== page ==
FoundationDB: A Distributed Unbundled Transactional Key Value Store
Published June 12, 2021
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FoundationDB: A Distributed Unbundled Transactional Key Value Store Zhou, et al., 2021
I heard good things about FoundationDBIn particular, I read that FoundationDB passed Jepsen testing “with flying colors on their first try” and saw that there were many happy users of the system on Hacker News. , so after seeing that their paper was accepted to SIGMOD’21 (and made available), I decided to read it this week. Enjoy!
What is FoundationDB?
The paper discusses a distributed key value store that Apple, Snowflake, and VMWare (among others) run core services on at immense scaleApple’s CloudKit is built on FoundationDB, in addition to other services (as described in their SIGMOD’21 announcement). Snowflake’s usage of FoundationDB is explained in this great talk. . Unlike other large-scale data stores that forego implementing transactions in order to simplify scaling, FoundationDB was designed with strictly serializableStrict serializability means that transactions can be given a definite order. Achieving strict serializability is easy on a single node database, but is difficult to scale to an enormous distributed database (part of why the paper is so interesting). For background on the topic, I would recommend Peter Bailis’s blog. transactions from the ground up.
In the process of building the system, the team also wrote a testing framework for simulating faults in the network, disk, and other dependencies. This framework became powerful enough that it actually found bugs in software that FoundationDB relied on (like Zookeeper)!
What are the paper’s contributions?
The paper boils down to two major contributions.
- The FoundationDB system itself (including its feature set and overall architecture)
- The framework used to model and test the system
On its own, the FoundationDB system is a significant contribution. Its design contrasts with other large-scale storage systems aiming to service billions of users, store petabytes/exabytes of data, and respond to millions of requests per second - FoundationDB supports transactions by default. NoSQL (a common architecture used in large scale storage systems), normally do not include transactions by defaultThe paper does note that many NoSQL systems (like Cassandra, MongoDB, and CouchDB) did not have transactions until recently. , instead accepting writes that eventually propagate to the entire system (a.k.a. eventual consistency). In the eyes of the authors, systems that rely on eventual consistency force developers to think deeply about how their applications handle concurrent writes (given that with eventual consistency, readers and writers may not see updates to the database immediately).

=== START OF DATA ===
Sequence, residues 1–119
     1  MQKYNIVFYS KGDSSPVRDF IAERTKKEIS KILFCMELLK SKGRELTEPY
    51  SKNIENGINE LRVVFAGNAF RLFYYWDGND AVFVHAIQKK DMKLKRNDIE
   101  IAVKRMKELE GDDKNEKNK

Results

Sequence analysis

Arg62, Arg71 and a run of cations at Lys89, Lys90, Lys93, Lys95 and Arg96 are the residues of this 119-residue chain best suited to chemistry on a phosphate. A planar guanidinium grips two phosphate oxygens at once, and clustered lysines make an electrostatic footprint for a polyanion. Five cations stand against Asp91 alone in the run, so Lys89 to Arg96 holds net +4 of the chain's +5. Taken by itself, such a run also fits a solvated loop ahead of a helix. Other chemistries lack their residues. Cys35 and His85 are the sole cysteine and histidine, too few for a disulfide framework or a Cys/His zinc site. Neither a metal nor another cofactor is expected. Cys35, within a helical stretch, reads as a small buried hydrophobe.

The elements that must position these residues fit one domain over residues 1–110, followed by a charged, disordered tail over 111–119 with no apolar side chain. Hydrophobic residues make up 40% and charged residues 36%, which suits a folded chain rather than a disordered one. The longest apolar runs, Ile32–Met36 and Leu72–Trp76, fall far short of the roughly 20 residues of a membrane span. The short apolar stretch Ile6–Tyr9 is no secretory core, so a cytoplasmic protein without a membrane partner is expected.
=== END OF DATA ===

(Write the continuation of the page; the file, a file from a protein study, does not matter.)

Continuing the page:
The framework used to test the FoundationDB system is also novel. Code related to running the system can be stubbed out (more on stubbing out components in the What is unique about FoundationDB’s testing framework section?), allowing for engineers to control predominantly all sources of non-deterministic behavior. Being able to artificially induce many different types of failures means that an enormous amount of edge cases can be simulated. More edge cases simulated means more possible issues with those edge cases are found before being released.
Architecture of FoundationDB
To understand how FoundationDB works, the author’s invoke the design principle of “divide-and-conquer” - different components of the FoundationDB architecture are responsible for specific functionality and each function can be scaled separately. The impact of this design choice is that capacity can be gradually added to the components of the system that serve reads or writes, depending on changing usage patterns.
The divide-and-conquer principle is put into practice by splitting FoundationDB into two planes: the Control Plane and the Data Plane.
The Control Plane maintains critical metadata (like system configuration) and performs five independent functions: Coordinators, Cluster Controller, Data Distributor, and Rate Keeper.
The Coordinators store metadata about different components of the system so that a FoundationDB deployment can recover in the event of failures. As an example, one would run Coordinators across many different failure domains (for example, running in many regions or datacenters)The paper notes that “As long as a quorum (i.e., majority) of Coordinators are live, this metadata can be recovered.” . The Coordinators are part of an Active Disk PaxosActive Disk Paxos is an extension of Disk Paxos, and Disk Paxos is an extension of the basic Paxos algorithm. Disk Paxos is similar to the normal Paxos algorithm, except it can have multiple disks per processor, and a disk can be accessed by many processors. As an example, the Coordinators could use defined sections of a shared disk, rather than independent disks. Active Disk Paxos is different than Disk Paxos in that it can scale to infinite clients, while the original Disk Paxos implementation can not. The original paper on Disk Paxos is here and there is also an interesting description about it on Microsoft Research. Apparently a programmatic proof of the algorithm was developed and it found errors in the algorithm, but Lamport chose not to correct the original paper - with the note that “Anyone who writes a rigorous mechanically-checked proof will find them.” group, and elect a single Cluster Controller. If the Cluster Controller fails or becomes unresponsive, a new Cluster Controller will be elected.